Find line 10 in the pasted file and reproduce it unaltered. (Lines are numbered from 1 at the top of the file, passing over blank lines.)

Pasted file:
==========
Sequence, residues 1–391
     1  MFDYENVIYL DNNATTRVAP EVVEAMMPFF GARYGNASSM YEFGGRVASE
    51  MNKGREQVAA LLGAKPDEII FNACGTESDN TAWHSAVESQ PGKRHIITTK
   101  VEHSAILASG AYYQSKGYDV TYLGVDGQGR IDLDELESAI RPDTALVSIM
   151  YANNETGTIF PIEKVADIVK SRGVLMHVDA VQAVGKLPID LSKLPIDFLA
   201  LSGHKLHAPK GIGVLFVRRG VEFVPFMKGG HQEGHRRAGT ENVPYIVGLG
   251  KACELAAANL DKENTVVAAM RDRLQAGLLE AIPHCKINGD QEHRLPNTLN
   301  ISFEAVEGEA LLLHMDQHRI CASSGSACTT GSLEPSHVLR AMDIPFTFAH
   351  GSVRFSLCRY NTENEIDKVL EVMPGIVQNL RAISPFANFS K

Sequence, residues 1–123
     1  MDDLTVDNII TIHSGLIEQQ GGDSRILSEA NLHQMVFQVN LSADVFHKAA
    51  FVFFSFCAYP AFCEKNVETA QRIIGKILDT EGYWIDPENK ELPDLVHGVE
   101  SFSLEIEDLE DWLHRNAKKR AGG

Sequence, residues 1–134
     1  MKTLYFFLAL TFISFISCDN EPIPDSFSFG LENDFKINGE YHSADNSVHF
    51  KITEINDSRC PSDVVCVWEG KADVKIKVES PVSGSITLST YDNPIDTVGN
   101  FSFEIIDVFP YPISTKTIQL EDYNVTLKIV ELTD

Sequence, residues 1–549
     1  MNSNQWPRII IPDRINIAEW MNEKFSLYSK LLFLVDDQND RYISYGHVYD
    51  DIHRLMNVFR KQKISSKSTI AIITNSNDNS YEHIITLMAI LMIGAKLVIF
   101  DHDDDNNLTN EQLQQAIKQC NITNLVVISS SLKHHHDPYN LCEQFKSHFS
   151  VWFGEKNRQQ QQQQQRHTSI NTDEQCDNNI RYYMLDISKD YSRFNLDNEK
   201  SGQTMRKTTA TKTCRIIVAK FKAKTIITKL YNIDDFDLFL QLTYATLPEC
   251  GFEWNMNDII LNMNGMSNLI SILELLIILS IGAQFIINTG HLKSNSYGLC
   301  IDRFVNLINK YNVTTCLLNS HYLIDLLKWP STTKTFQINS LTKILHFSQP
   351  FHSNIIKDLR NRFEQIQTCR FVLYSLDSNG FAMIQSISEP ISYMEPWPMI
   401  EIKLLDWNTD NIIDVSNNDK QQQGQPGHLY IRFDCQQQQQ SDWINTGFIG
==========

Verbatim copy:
Sequence, residues 1–123